The United States Department of Justice has announced that it would no longer charge ethical hackers under the controversial Computer Fraud and Abuse Act (CFAA).
Ethical hacking, the DoJ explains, represents the good-faith security research where a computer is accessed only for investigating, testing, or identifying vulnerabilities, with the purpose of improving security as a whole.
Good-faith security research “is carried out in a manner designed to avoid any harm to individuals or the public, and where the information derived from the activity is used primarily to promote the security or safety of the class of devices, machines, or online services to which the accessed computer belongs, or those who use such devices, machines, or online services,” the updated policy reads.
The DoJ also makes it clear that the “goals for CFAA enforcement are to promote privacy and cybersecurity by upholding the legal right of individuals, network owners, operators, and other persons to ensure the confidentiality, integrity, and availability of information stored in their information systems.”
Per the updated policy, so-called security research whose goal is finding vulnerabilities in systems in order to extort their owners is not in good faith.
The updated policy also clarifies that the DoJ will no longer charge hypothetical CFAA violations, such as exceeding the authorized access granted by a term of service or contractual agreement with an internet service provider or a web service that is publicly accessible.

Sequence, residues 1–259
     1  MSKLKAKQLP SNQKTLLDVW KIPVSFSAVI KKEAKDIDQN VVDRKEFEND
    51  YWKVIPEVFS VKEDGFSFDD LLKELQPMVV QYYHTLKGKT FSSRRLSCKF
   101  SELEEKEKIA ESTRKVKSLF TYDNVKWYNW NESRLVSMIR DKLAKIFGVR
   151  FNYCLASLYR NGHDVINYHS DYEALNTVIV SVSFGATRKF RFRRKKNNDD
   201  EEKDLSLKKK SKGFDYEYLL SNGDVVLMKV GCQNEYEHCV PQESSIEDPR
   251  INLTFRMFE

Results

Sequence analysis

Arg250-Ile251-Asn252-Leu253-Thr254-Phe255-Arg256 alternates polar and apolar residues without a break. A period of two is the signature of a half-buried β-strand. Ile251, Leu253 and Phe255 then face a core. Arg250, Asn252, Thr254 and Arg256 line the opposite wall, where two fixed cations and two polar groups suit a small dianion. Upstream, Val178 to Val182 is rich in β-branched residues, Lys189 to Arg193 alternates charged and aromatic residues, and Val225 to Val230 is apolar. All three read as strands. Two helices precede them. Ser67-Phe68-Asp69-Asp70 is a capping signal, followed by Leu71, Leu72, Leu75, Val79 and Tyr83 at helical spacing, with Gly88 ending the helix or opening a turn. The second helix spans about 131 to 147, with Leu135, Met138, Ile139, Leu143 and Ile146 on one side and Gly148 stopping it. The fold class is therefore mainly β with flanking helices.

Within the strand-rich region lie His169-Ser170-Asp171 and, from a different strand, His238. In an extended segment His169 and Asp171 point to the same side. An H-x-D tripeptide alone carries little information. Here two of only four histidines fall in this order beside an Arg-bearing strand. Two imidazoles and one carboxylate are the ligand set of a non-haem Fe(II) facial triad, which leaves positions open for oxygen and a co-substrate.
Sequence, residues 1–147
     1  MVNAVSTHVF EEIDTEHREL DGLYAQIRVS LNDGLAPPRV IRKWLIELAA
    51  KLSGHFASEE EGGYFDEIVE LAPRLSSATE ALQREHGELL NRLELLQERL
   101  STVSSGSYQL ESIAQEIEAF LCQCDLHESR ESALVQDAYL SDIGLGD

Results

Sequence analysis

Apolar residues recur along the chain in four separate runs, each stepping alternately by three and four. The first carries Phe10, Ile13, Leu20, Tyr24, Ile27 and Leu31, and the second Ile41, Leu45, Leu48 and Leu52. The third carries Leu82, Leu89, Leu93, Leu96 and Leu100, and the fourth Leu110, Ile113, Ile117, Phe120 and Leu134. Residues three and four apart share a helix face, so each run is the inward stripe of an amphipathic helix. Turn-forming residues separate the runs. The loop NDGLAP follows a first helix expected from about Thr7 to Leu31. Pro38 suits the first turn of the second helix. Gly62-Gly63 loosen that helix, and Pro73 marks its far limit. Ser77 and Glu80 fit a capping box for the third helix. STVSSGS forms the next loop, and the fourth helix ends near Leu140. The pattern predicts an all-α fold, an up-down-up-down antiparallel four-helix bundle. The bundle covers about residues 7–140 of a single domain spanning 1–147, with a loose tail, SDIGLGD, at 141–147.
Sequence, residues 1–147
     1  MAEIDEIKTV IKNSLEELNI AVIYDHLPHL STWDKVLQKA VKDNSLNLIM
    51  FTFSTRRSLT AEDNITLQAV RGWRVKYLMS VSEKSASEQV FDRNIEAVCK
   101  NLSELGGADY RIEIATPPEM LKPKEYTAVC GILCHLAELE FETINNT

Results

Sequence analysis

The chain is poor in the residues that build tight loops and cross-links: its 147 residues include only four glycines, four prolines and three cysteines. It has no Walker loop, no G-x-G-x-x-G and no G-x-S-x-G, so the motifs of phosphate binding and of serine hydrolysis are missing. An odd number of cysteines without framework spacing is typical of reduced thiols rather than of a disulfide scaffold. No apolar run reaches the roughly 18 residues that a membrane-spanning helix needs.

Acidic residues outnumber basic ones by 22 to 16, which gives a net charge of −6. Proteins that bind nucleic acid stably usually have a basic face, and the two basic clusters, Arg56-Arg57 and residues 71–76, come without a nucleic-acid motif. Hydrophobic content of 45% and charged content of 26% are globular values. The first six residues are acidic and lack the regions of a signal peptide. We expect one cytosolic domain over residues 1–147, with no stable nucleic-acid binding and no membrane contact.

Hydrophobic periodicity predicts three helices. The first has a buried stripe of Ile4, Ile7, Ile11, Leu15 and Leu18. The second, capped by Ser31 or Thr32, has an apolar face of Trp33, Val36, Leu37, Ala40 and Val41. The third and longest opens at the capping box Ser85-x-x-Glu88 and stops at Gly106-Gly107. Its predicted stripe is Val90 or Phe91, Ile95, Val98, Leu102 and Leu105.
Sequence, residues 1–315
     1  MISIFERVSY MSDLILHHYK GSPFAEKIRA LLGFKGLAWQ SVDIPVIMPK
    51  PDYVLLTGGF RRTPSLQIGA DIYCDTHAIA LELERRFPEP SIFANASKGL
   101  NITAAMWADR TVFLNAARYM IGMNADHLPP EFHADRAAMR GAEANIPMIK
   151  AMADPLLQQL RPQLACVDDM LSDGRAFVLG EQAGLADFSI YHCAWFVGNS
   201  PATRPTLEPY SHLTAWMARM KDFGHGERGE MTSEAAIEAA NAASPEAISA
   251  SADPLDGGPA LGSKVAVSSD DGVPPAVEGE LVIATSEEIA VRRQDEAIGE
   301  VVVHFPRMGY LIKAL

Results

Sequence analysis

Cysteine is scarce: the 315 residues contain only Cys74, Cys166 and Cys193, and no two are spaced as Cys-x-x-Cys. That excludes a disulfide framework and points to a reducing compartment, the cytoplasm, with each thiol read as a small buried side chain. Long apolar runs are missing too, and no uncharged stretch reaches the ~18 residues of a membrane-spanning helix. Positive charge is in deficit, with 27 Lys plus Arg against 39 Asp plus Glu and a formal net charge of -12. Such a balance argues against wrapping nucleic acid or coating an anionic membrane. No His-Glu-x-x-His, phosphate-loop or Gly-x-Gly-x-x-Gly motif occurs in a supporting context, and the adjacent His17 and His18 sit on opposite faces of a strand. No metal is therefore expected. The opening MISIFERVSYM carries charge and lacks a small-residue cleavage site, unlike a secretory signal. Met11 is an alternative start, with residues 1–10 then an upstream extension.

Employees will no longer be charged for using computers at work in ways that are prohibited by the employer’s policy (e.g. checking sports scores or paying bills). However, those who use multi-account computers and access other users’ accounts without authorizations will be indicted.
The updated policy, the DoJ says, is meant to focus resources on those cases where a computer – or specific parts of the computer, such as other people’s email addresses – is accessed without authorization.
Prosecutors, the DoJ says, will have to prove that a defendant knowingly accessed a computer or area of a computer to which they were not granted access, with the purpose of obtaining or tampering with information stored there, “and not merely that the defendant subsequently misused information or services that he was authorized to obtain from the computer at the time he obtained it.”
“As part of proving that the defendant acted knowingly or intentionally, the attorney for the government must be prepared to prove that the defendant was aware of the facts that made the defendant’s access unauthorized at the time of the defendant’s conduct,” the DoJ says.
All prosecutors who wish to charge cases under CFAA will need to follow the new policy and must inform the Deputy Attorney General, the DoJ says. The department also advises prosecutors to consult with the Criminal Division’s Computer Crime and Intellectual Property Section (CCIPS) before bringing any charges.
“Computer security research is a key driver of improved cybersecurity. The department has never been interested in prosecuting good-faith computer security research as a crime, and today’s announcement promotes cybersecurity by providing clarity for good-faith security researchers who root out vulnerabilities for the common good,” Deputy Attorney General Lisa O. Monaco said.
The CFAA has widely been used by authorities to prosecute people accused of crimes involving computers. However, last year, the Supreme Court limited prosecutors’ ability to use the anti-hacking law to charge people with computer crimes after a police sergeant was sentenced to prison under the CFAA for using a work database to run a license plate search in exchange for money. The Supreme Court ruled that prosecutors had overreached in using the CFAA to charge him.
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